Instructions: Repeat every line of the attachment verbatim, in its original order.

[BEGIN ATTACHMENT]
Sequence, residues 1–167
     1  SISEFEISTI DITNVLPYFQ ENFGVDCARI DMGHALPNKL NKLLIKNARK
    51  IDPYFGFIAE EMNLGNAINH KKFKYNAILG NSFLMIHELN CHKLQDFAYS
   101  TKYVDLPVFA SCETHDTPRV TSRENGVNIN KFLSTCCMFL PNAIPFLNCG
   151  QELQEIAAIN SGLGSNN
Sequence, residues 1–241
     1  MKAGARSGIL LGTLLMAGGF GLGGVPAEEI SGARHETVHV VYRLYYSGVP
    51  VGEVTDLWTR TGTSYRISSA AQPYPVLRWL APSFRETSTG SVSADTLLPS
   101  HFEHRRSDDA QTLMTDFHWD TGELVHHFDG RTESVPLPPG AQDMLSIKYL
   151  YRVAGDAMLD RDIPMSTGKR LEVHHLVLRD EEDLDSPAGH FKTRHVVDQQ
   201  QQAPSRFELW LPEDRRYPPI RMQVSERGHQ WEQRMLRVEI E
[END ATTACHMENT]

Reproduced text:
Sequence, residues 1–167
     1  SISEFEISTI DITNVLPYFQ ENFGVDCARI DMGHALPNKL NKLLIKNARK
    51  IDPYFGFIAE EMNLGNAINH KKFKYNAILG NSFLMIHELN CHKLQDFAYS
   101  TKYVDLPVFA SCETHDTPRV TSRENGVNIN KFLSTCCMFL PNAIPFLNCG
   151  QELQEIAAIN SGLGSNN
Sequence, residues 1–241
     1  MKAGARSGIL LGTLLMAGGF GLGGVPAEEI SGARHETVHV VYRLYYSGVP
    51  VGEVTDLWTR TGTSYRISSA AQPYPVLRWL APSFRETSTG SVSADTLLPS
   101  HFEHRRSDDA QTLMTDFHWD TGELVHHFDG RTESVPLPPG AQDMLSIKYL
   151  YRVAGDAMLD RDIPMSTGKR LEVHHLVLRD EEDLDSPAGH FKTRHVVDQQ
   201  QQAPSRFELW LPEDRRYPPI RMQVSERGHQ WEQRMLRVEI E